Paddy: Yeah, mostly, this is a show about grid structures. I have to admit, that’s not a subject I’m overly interested in—by definition an artist is either following a formula or breaking it—but there are some beautiful moments in the show. Looking through the grid of Claude Viallat’s died hanging rope and on one side seeing the repeated dropping form of a pink curtain on stilts and Jean-Pierre Pincemin’s quilt-like grid on canvas marks one. Everything seems to line up or mimic each other’s forms. There’s a rolled grid tacked to the wall in the next room on a far wall that subtly ties to the two rooms together.

Of all the work in the show, I probably got the most out of Pierre Buraglio’s collages. One piece made a montage out of two pieces of folded newspaper arranged in the shape of a collage and backed by a bit of blue mesh plastic. Another stapled bits of painted canvas onto stretched canvas that looked like wall paper. In each case the materials seemed to be pointing beyond themselves, and in the context of a collection self-referential seventies paintings, that might actually be courageous.

P! Installation view. Image via: P!

P! Installation view. Image via: P!

Elaine Lustig Cohen & Heman Chong: Correspondence(s)

P!, 334 Broome Street

May 4th – June 22nd, 2014

What’s on view: Paintings by influential artist-designer Elaine Lustig Cohen are paired with book cover paintings by the much younger artist Heman Chong. Chong has selected abstract paintings by Cohen that reflect her book design work; Cohen has commissioned new paintings to add to Chong’s ongoing series “Cover Versions,” paintings of fake book covers with real titles. The show had two separate hangings of the work, the first by Prem Krishnamurthy of P!, and then it was re-hung by Ruba Katrib of the Sculpture Center.  Like the gallery itself, both Chong and Cohen are crossovers between design, art, and generally art-related intellectual endeavors.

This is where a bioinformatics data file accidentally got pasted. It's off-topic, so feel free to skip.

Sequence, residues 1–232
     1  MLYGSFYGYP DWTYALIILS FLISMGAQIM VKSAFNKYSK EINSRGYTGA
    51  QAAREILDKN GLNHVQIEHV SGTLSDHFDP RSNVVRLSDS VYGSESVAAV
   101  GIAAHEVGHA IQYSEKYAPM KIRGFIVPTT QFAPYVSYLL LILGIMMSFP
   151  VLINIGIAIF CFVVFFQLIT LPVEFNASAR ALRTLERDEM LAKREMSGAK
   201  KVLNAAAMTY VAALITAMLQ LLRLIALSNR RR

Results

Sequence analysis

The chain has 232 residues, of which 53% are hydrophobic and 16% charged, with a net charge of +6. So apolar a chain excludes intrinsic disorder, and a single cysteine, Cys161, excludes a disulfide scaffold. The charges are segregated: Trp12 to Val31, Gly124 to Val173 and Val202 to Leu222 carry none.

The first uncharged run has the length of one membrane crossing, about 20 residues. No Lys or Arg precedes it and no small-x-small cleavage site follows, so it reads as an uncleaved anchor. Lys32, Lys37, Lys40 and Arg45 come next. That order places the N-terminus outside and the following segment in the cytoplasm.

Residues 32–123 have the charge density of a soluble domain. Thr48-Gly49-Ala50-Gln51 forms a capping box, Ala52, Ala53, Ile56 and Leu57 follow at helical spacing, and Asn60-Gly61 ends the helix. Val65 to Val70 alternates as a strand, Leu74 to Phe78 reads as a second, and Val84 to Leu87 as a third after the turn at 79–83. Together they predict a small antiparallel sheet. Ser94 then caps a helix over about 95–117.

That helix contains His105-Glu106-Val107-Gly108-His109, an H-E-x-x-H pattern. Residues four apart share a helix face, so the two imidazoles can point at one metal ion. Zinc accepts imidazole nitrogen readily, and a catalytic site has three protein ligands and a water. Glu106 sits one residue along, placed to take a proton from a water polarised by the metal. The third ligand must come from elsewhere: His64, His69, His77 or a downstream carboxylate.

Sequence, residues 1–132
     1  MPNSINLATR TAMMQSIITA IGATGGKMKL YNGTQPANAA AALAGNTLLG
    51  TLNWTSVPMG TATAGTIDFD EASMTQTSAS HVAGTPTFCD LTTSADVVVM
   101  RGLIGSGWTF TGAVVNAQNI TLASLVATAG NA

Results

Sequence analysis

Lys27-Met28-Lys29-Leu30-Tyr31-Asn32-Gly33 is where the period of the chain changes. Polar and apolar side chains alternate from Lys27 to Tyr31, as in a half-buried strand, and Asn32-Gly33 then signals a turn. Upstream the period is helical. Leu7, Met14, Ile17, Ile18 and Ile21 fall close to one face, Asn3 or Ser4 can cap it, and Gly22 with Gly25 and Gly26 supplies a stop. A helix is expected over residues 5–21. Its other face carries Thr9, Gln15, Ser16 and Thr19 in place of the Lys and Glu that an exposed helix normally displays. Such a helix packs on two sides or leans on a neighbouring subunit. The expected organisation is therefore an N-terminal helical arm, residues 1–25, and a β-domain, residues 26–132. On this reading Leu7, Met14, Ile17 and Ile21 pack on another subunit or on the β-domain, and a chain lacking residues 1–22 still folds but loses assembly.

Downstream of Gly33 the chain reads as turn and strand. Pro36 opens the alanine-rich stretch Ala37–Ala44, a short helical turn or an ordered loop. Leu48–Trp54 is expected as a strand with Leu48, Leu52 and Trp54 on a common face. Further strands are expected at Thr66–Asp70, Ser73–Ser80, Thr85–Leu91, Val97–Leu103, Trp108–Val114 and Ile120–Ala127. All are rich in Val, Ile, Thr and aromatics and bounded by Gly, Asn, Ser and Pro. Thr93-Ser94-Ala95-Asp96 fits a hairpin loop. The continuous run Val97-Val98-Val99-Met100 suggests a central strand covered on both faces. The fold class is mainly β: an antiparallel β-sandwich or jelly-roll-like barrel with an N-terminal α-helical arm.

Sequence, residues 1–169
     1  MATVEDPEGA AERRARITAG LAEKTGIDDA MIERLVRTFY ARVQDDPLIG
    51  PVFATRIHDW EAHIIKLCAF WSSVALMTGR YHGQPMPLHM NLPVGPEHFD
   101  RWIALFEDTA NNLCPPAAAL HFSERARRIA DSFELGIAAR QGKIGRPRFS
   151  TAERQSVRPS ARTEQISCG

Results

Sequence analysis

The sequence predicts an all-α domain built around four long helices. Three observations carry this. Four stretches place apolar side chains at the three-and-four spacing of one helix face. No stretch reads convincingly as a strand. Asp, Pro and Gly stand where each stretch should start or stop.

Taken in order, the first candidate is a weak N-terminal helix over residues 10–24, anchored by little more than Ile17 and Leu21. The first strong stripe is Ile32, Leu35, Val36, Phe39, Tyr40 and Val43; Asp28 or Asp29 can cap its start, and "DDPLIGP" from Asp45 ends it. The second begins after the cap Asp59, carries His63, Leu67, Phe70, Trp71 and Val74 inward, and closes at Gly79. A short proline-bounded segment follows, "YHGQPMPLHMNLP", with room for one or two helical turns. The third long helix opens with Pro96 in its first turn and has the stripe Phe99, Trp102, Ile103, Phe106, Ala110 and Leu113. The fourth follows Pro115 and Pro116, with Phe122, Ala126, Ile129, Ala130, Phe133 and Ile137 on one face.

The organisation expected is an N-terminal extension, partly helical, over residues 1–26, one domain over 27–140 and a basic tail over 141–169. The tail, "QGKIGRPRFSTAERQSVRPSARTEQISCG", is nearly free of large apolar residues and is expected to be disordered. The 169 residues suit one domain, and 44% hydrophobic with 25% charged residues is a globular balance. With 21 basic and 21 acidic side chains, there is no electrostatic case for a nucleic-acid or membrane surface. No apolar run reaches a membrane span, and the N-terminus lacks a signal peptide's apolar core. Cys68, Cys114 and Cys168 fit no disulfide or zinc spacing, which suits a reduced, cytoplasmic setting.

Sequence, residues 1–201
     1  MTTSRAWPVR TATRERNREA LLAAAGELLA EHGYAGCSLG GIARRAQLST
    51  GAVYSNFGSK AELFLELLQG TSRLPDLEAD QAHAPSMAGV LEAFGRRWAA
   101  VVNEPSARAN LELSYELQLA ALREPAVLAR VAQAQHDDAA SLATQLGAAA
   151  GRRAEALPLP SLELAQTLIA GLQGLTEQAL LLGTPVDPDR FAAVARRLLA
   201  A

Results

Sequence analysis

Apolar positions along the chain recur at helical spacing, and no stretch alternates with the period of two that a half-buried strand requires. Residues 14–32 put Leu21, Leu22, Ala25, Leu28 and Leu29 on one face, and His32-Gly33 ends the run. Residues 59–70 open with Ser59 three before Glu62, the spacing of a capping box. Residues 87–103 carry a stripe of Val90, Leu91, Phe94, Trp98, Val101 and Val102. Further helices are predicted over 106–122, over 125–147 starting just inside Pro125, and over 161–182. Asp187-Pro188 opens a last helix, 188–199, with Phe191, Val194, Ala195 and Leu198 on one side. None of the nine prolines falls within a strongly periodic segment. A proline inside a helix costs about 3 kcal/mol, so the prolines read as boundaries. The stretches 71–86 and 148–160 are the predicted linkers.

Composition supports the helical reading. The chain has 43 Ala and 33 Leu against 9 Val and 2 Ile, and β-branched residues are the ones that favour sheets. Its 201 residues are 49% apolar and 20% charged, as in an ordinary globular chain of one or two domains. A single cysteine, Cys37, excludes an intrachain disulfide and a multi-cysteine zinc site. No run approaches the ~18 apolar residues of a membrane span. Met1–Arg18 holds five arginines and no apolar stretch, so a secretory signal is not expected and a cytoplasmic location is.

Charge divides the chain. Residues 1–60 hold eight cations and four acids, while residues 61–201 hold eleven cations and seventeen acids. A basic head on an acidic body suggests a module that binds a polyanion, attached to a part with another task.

Whitney: There were two hangings of this show; I’m not sure I get the advantage of this one (Ruba Katrib’s) since it seemed to just separate the paintings by palette and size. And then I don’t get exactly how Chong’s book cover paintings “footnote” Cohen’s larger paintings other than the fact that they are smaller, include text, and incorporate Cohen’s stripe motifs. And then there’s the fact that the book covers and the text don’t really line up in any meaningful way; “Night” by Eli Weisel is just a pinkish cloud. It’s very similar to “Daniel Deronda” by George Eliot and “Robinson Crusoe” by Daniel Defoe. And what do these titles have to do with each other? Just that Cohen chose them, I guess.